Working with Network Shell
Using the Network Shell (NSH) commands, you can manage your network of UNIX and Windows machines as one large host. You can perform system administrative functions on multiple remote hosts from a single machine. Instead of having to rlogin or telnet to a host to see what is going is on, or to make a quick change, you can just use the NSH commands to access files on local and remote hosts directly from the command line. You can use the NSH commands to write new scripts, or modify existing scripts and make them distributed.
See Creating and modifying Network Shell Script Jobs for information about Network Shell Script Jobs, which let you deploy and execute a Network Shell (NSH) script that you have previously saved in the Depot.
See the NSH cheat sheet for examples of frequently used NSH commands and script elements that can help you get started with writing NSH scripts.
The following topics are discussed on the current page:
The following topics provide additional information about working with NSH.
- Network Shell requirements and support
- Network Shell commands
- NSH cheat sheet
- How NSH connects with targets
- How to find Windows servers that need a reboot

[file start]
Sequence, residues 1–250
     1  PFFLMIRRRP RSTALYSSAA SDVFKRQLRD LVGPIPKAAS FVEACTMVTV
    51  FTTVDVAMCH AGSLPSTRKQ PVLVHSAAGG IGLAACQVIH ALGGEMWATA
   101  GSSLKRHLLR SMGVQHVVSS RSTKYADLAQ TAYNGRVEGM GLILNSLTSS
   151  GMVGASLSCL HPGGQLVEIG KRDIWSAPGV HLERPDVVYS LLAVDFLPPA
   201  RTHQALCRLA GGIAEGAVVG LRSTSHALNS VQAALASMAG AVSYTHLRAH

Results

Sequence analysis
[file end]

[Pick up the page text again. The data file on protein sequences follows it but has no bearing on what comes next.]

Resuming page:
- Rebooting Servers in a Controlled Manner
- Rebooting servers in a predefined order
- Authenticating with Network Shell
- Executing PowerShell scripts on target servers
- Running Powershell, VBScript, or bat files via NSH
- Setting up a TTY connection
- Using X11 forwarding to run programs remotely via NSH
- scriptutil: The Slightly Odd Duck
For additional information about NSH scripts (authoring, modifying, adding to the depot, and managing script versions), see the following topics:
- Adding a Network Shell script
- Modifying a Network Shell script
- Content editors and Viewing and editing Network Shell script files using ShellEd
- Walkthrough: Managing versions of NSH scripts using Git
Customizing the NSH prompt
You can customize the NSH command line prompt through an NSHRC file, as described in the following video: